Powell’s Role Watched as FCC Drafts Phone Rules
The long-running battle over new telephone competition rules will reach a crucial showdown next week when top aides at the Federal Communications Commission meet behind closed doors to hash out the written details that will govern the multibillion-dollar local-phone industry.
More than two months after a contentious vote on an outline of the rules, the five FCC commissioners are struggling to produce an order that conforms to the majority’s vote to preserve a helping hand for companies that compete against the Baby Bells.
A split vote -- such as their 3-2 decision in February to keep basic parts of the Bells’ networks available to rivals at discounted prices -- wouldn’t normally cause such lengthy delays. But in this case, one of the dissenters is the chairman, Michael K. Powell, who controls the overall rule-writing process.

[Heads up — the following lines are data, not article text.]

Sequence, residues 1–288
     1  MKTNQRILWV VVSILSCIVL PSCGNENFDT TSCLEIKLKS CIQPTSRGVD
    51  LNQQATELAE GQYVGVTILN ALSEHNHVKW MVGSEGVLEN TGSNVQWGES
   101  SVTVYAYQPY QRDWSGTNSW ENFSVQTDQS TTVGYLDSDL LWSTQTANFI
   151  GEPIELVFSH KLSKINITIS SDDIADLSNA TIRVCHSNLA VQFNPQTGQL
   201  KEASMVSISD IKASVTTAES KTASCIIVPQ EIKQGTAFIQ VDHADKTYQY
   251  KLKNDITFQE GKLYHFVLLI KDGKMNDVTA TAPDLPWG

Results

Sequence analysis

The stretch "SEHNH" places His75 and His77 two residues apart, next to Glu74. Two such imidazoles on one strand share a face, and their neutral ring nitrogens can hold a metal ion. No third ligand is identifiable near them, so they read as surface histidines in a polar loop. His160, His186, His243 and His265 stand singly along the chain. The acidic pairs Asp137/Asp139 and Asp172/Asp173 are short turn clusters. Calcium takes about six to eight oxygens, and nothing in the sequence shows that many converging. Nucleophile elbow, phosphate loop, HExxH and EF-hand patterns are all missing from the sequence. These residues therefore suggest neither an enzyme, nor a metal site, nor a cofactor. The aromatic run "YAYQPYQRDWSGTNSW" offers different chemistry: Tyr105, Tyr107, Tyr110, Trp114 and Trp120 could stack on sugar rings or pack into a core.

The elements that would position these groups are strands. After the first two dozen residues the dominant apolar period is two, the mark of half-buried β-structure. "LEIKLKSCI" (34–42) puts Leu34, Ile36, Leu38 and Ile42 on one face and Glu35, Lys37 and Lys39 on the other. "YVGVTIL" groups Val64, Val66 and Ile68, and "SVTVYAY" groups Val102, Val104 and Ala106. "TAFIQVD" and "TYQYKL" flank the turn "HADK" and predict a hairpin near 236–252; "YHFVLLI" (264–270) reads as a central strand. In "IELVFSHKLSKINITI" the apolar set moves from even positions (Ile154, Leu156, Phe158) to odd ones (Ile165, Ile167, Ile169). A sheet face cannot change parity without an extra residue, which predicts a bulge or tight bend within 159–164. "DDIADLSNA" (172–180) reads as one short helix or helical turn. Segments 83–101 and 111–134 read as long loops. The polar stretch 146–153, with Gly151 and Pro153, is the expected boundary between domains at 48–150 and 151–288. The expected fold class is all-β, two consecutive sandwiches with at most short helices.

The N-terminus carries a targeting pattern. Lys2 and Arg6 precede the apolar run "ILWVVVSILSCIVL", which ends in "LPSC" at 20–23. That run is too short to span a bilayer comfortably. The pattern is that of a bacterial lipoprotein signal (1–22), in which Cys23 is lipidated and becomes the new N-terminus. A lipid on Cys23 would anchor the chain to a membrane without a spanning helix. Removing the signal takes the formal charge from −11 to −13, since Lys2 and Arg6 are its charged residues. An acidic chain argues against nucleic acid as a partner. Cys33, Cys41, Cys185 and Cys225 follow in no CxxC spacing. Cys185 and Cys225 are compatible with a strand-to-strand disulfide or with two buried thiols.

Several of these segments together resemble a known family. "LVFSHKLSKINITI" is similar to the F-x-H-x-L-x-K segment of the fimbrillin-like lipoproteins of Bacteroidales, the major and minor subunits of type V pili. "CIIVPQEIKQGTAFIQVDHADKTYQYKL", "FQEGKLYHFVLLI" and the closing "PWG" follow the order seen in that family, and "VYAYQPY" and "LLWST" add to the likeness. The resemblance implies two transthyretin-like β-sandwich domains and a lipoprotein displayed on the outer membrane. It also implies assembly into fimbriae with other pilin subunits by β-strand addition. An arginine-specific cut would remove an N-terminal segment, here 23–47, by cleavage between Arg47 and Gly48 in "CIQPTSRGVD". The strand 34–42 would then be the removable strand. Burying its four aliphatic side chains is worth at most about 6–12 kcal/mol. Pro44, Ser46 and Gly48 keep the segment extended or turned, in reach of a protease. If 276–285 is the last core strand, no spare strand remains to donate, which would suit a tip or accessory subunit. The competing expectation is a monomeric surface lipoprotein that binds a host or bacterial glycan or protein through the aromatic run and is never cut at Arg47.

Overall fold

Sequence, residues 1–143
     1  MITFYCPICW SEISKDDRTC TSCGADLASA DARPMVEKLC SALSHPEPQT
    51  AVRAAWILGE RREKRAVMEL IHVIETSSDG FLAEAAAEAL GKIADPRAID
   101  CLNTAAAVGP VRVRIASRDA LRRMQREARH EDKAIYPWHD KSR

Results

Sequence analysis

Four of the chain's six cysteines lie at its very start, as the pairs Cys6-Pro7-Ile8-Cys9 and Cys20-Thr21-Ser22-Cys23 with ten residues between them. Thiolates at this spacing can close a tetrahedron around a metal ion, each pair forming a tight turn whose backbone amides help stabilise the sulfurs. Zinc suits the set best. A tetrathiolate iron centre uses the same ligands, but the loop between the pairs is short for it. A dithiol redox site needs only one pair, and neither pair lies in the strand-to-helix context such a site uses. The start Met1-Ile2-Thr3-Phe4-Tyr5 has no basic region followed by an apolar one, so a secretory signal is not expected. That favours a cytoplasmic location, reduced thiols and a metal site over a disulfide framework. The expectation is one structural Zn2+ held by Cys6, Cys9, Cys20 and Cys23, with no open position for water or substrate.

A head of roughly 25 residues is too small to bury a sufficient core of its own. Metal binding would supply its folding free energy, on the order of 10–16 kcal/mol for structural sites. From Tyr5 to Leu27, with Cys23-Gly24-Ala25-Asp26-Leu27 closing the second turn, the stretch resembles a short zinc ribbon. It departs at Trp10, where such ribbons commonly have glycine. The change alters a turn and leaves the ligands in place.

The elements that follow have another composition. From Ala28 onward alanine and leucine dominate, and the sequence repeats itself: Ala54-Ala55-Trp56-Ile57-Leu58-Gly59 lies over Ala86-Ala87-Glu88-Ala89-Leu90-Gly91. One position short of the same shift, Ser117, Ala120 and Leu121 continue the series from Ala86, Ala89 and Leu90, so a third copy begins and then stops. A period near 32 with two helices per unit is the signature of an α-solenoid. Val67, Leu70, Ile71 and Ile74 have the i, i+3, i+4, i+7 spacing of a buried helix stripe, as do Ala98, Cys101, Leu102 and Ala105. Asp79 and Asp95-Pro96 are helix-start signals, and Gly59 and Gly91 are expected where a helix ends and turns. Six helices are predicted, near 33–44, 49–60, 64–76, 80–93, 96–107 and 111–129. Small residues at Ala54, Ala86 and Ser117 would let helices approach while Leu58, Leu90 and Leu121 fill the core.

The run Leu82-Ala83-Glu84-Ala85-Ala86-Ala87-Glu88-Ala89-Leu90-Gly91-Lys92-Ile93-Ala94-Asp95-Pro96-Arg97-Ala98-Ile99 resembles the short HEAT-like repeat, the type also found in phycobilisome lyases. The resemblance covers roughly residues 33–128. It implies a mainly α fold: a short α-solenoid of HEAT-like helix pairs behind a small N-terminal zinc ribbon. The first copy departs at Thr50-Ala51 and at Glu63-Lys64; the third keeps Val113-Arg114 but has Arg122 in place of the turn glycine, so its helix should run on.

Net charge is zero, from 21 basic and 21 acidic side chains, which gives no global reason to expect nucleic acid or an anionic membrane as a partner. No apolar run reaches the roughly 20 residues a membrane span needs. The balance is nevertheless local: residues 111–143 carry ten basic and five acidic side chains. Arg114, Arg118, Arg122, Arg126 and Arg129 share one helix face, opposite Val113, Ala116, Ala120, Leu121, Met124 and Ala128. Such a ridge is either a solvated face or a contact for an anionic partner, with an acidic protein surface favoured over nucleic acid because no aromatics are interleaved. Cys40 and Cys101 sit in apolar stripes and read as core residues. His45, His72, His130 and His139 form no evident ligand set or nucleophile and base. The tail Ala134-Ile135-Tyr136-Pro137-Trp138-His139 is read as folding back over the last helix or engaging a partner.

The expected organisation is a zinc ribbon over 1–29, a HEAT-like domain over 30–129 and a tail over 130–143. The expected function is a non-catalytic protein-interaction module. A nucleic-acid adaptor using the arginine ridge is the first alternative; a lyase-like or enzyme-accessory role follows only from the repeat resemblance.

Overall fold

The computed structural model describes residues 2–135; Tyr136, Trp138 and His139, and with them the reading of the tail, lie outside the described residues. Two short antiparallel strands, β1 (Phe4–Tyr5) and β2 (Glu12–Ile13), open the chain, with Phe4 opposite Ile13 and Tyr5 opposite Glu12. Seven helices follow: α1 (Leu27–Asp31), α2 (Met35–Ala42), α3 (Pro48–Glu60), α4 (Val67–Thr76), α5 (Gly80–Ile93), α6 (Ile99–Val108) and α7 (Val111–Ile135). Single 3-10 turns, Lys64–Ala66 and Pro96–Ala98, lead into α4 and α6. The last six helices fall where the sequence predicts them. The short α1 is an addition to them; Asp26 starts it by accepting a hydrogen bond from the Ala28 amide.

That apparent conflict of interest worries critics, and some wonder privately whether Powell is trying to sabotage the order with inconsistent language that would cause it to be overturned in court.
Powell did not return calls. Top aides denied that the chairman has any ulterior motive.
At stake is the continued viability of nascent competition in the local-telephone business, which is giving consumers in some states, including California, more choices of carriers and lower prices.
The Baby Bells, such as SBC Communications Inc., California’s dominant local carrier, contend that the rules force them to subsidize the operations of competitors by allowing them to enter their local markets with no investment.
AT&T; Corp. and other rivals say they need cheap rates to build enough market share to justify the expense of installing their own equipment. They say the higher wholesale fees the Bells want to charge would erase any significant competition.
Powell, who sought to ease federal rules and let the Bells charge higher wholesale rates, lost his bid in February after a bruising battle with fellow Republican Commissioner Kevin J. Martin and the FCC’s two Democrats, Michael J. Copps and Jonathan S. Adelstein.